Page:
Lets go ride a bike. . .

It’s funny the things you take for granted.  You know the saying, “just like riding a bike.”  Without thought, one might think that the phrase infers that it’s easy to ride a bike.  And really, how much do we think about riding a bike?  We don’t.  Once we learn, we never forget, right?  It’s something we know without any thought. 

I don’t remember much about learning to ride a bike.  I’m not sure how old I was, but I do remember the  house we lived in at the time.  I don’t remember how long it took me to learn, but I remember vividly the pink hue of the bike and the fancy white banana seat.  I can’t remember how many times I fell, but I do remember my Dad running beside me with his hand gripping the edge of said banana seat. I do know that eventually he let go and I learned how to ride the bike.

Letting go. . . the ongoing theme of parenthood.

We’ve been working with Charlie and his bike.  I was perfectly content with him on his big wheel. . .

I was even quite content with his training wheels.  He was stable, smiling, and everyone was safe and happy.

A day came, though, when we thought it was time for the training wheels to come off.  It has been quite awhile since I learned how to ride a bike, so my thinking was how hard can it be?

At first Charlie was enthusiastic and ready to go.  Once we started, though, it was a little tough.  Balance was a foreign topic and paying attention to what was in front of him rather than the butterfly fluttering across his path was important.  I quickly learned that my patience and understanding was slightly lacking  nonexistent and Daddy was probably going to be the better teacher. 

To be honest. . . Charlie’s enthusiasm quickly waned as he realized how difficult it is to balance, steer, and remain upright.  There were many falls and he asked several times if we would put his training wheels back on.  So, we did what any good parents would do. . . we bribed him.

(Okay, so I’m not big on bribing kids, but in all honesty. . . it worked like a charm.  I can admit it, I am not a perfect parent.)

Charlie has been asking for a razor scooter and we knew we would get him one, but were unsure when.  Why not now?  We bought the scooter, put it in the garage, and told him he could have it when he learned how to ride his bike.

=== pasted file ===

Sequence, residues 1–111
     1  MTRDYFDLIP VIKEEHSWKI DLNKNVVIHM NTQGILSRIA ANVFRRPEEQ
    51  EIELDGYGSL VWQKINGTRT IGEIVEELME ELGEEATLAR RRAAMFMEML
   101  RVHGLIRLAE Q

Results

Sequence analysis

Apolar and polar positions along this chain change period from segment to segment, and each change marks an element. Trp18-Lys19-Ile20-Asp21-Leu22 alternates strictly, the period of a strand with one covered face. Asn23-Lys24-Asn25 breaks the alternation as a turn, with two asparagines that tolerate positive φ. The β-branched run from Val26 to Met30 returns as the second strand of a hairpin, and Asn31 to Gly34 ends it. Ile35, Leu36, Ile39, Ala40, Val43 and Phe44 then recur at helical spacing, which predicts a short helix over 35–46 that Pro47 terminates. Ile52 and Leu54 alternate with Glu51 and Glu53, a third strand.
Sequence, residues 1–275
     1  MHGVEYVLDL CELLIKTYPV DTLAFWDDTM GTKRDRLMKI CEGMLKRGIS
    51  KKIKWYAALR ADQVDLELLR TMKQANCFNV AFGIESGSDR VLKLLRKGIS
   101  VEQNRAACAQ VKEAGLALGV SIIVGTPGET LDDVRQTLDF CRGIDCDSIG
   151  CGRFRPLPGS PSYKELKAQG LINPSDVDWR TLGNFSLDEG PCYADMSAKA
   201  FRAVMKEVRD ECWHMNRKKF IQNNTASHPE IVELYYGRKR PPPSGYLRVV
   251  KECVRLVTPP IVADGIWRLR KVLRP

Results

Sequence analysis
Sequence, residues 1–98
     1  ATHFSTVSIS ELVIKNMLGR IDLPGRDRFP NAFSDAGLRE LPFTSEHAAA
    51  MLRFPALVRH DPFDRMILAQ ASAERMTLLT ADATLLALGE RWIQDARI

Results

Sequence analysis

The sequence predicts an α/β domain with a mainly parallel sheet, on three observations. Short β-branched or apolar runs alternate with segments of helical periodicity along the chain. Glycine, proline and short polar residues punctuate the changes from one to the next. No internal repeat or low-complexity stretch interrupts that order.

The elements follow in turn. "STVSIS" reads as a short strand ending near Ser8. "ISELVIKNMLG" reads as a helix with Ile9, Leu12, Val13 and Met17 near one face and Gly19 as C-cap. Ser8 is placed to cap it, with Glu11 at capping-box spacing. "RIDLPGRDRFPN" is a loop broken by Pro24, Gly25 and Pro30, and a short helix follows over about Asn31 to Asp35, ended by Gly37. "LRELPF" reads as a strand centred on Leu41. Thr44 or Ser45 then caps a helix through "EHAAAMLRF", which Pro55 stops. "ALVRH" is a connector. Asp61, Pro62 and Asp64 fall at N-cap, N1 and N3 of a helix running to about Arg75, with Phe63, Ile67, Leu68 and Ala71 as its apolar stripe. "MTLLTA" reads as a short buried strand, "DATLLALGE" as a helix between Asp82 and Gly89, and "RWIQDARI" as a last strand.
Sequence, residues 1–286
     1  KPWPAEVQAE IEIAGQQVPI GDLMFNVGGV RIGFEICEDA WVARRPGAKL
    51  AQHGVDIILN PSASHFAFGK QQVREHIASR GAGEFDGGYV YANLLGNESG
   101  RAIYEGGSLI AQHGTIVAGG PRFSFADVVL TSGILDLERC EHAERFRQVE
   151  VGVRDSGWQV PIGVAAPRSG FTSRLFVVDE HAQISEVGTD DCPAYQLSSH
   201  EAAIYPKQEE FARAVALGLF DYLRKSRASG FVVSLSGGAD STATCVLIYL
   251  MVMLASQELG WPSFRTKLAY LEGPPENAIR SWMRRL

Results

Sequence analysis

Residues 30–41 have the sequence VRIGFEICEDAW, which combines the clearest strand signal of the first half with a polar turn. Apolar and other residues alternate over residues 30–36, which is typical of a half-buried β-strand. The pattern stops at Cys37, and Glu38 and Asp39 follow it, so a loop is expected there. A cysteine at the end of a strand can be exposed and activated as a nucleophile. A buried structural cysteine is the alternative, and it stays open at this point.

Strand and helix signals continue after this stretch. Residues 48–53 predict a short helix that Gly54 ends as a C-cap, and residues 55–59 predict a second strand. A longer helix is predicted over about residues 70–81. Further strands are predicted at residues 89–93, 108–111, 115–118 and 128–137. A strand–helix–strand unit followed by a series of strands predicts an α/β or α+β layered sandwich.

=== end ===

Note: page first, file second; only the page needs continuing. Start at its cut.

This is the moment when he realized he was doing it all by himself.

Once he got started he did fine.  The biggest challenge was starting on his own.  After a little practice, though, he got it.

The process was not without it’s trails, but he was a champ.  We celebrated him with lots of high fives, shouts of praise and a stolen hug here and there.

. . . and of course his much desired scooter. 

Maybe bribery isn’t the greatest parenting technique, but I’m feeling okay with it this time.  Call it incentive or reward if you will.  I call it successful.  Now he’s riding free around the neighorhood going faster than I’d like and spreading his wings wider than ever before. . .

Can we say parenting illustration? Sloan Wilson thought so. . .

The hardest part of raising a child is teaching them to ride bicycles.  A shaky child on a bicycle for the
first time needs both support and freedom.  The realization that this is what the child will always need can hit hard.

Oh my, these are true words.  I see it in every transitions we make.  From from the first breath to crawling to walking to running to bike riding and beyond, I’m sure.  Just as they need support and freedom, I celebrate and grieve at the same time.  It is beautiful and terrible all at the same time.  And I think that is what parenthood is and I’m becoming more comfortable with that.  I may choke back tears all the way through, but the joy that comes with seeing them do something on their own is unmatched. 

In fact, I love the process so much, we got Chanelle started. . .

. . . and I’m going to enjoy every second of it.

  • Sassytimes - June 13, 2011 - 12:33 pm

    Oh goodness, the moment Charlie realized he was doing it on his own, I lost it. Crying. …and kept crying all the way through. Ah, kids growing up gets me. Love the quote though, so true and so tough to balance.

    I love Charlie's shirt. Super cool.ReplyCancel

  • Kim - June 13, 2011 - 6:08 pm

    I am looking forward to bike trips on the Holmes County Trail…..by the way…..love bribery! I am always open to it.ReplyCancel

  • Sassy - June 14, 2011 - 1:57 am

    Yay Charlie! Caleb learned to ride without training wheels just this past spring. The look of pride on their little faces makes all the work worth it! 🙂ReplyCancel

  • SnappyTulip - June 14, 2011 - 2:08 am

    Love it! We bribe all the time. It mostly works.
    Yay for Charlie!
    I love the pics of the procession.ReplyCancel

  • Hummel Family - June 16, 2011 - 2:05 am

    First of all, Charlie is sporting a pretty cool and very TRUE t shirt! 🙂

    Congrats Charlie! His face was precious! Wow, you sure can take some great pics. You seem to catch all their expressions.

    You go girl, Chanelle! You can do it! She seriously is so pretty. And she is so girly, love that!ReplyCancel

  • Ky • twopretzels.com - June 16, 2011 - 4:15 pm

    The picture of Charlie when he "gets it" is AWESOME.ReplyCancel

  • Adopted Aunt - June 17, 2011 - 1:41 am

    O I love the pic when he realized he was doing it! That is what God gave us children for. To love to keep safe to give them wings to fly bc they do and we need to be grateful they can. Bribery is good worked with my oldest and his bottle.ReplyCancel

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